Elizabeth B. Wydra is Chief Counsel at the Constitutional Accountability Center, www.theusconstitution.org, a think tank, public interest law firm, and action center dedicated to fulfilling the progressive promise of our Constitution’s text and history.
Reports released by the Social Security and Medicare Boards of Trustees this week have re-focused public attention on the deteriorating financial condition of the nation’s main health and retirement programs. These reports underscore not only the severity of the current recession, but also the demographic crisis confronting the nation as the native-born population ages. The coming wave of retiring Baby Boomers reminds us of the increasingly important role that immigrants play in the U.S. economy as taxpayers, workers, consumers, and homebuyers.
Lack of evidence is no obstacle for the Heritage Foundation, which on July 10 issued a rambling memorandum claiming that an unknowable yet large number of non-citizens are voting illegally and subverting the electoral process. Rigorous research has shown that voter fraud in the U.S. is almost non-existent and that most allegations of voter fraud by non-citizens stem from faulty records, partisan politics, and common-place error.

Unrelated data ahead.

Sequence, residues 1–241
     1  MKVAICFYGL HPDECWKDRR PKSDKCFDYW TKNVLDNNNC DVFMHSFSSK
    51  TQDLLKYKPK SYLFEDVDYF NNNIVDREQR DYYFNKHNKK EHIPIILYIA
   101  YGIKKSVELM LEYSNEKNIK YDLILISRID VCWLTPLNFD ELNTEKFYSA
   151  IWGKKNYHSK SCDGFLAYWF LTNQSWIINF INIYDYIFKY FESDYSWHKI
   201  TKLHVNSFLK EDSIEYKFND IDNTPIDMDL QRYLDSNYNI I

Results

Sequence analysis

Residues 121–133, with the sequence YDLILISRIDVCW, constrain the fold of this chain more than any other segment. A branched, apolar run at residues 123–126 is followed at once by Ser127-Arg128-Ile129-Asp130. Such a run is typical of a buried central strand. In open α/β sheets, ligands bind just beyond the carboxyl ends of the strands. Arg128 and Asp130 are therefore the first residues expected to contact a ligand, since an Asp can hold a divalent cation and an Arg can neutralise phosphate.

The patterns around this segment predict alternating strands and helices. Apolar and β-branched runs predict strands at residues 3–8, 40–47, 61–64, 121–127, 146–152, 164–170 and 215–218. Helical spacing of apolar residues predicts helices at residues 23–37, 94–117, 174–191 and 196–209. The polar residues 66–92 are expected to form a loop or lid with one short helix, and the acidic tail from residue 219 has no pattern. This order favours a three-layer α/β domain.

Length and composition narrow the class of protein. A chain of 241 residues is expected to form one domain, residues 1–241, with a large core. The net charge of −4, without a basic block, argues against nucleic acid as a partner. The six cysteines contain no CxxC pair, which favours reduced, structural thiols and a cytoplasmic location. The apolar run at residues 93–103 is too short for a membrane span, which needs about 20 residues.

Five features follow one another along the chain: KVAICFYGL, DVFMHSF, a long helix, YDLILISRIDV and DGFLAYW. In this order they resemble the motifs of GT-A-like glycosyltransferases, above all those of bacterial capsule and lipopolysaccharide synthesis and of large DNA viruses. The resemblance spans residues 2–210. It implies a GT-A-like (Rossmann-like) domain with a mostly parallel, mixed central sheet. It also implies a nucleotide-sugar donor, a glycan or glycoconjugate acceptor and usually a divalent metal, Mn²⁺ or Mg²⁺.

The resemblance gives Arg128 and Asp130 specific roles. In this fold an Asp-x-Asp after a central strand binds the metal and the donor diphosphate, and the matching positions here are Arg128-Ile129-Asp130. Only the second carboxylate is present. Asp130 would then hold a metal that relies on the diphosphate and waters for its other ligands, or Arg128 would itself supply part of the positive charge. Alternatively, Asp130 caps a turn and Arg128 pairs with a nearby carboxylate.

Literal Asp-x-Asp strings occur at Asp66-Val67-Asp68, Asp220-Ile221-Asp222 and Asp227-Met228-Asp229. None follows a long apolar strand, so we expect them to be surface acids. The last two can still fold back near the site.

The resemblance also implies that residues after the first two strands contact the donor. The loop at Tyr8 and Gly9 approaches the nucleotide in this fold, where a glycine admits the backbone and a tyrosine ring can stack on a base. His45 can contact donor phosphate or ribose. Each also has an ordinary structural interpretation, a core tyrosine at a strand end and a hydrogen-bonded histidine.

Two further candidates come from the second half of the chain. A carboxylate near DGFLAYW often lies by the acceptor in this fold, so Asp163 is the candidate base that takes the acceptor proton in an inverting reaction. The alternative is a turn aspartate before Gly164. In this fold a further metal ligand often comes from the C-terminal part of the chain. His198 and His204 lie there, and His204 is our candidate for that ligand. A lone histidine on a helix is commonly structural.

Today, Congressman Luis V. Gutierrez (D-IL) introduced the Comprehensive Immigration Reform for America's Security and Prosperity Act of 2009 (CIR ASAP), in the House of Representatives. The 87 original co-sponsors of the bill include members of the Congressional Hispanic Caucus, Black Caucus, Asian Pacific American Caucus, and Progressive Caucus.
The American Immigration Council's Community Education Center has launced the 14th Annual "Celebrate America" creative writing contest. Every year thousands of 5th graders from across the country participate in local contests.
AIC Amicus Argues Employees Have Right to Remain While Extension Applications Pending
Released on Wed, Apr 13, 2011
Washington D.C. - A recent ruling from a federal judge in Connecticut confirmed that—as the American Immigration Council (AIC) and the American Immigration Lawyers Association (AILA) argued in an amicus brief—the government may not arrest H-1B employees for whom timely-filed extension applications remain pending. The decision in El Badrawi v. United States, by U.S. District Judge Janet C. Hall, correctly recognized that a federal regulation allows H-1B employees to continue working for 240 days pending the adjudication of their extension applications, and that “work authorization is part and parcel of their authorization to be in the country, not a separate matter.” Permitting the initiation of removal proceedings during this period would thus be unfair to employees and employers alike, according to the decision.
The plaintiff, a Lebanese national, was gainfully employed as a medical researcher when his employer requested an H-1B extension in early 2004, more than a month before his H-1B status expired. Though his employer paid a $1,000 fee for premium processing of the application, the government never adjudicated it and refused to respond to requests for information. Nearly seven months after the request was filed, immigration agents arrested the plaintiff for allegedly “overstaying” his initial period of admission. He was placed in removal proceedings and detained for nearly two months.Read more...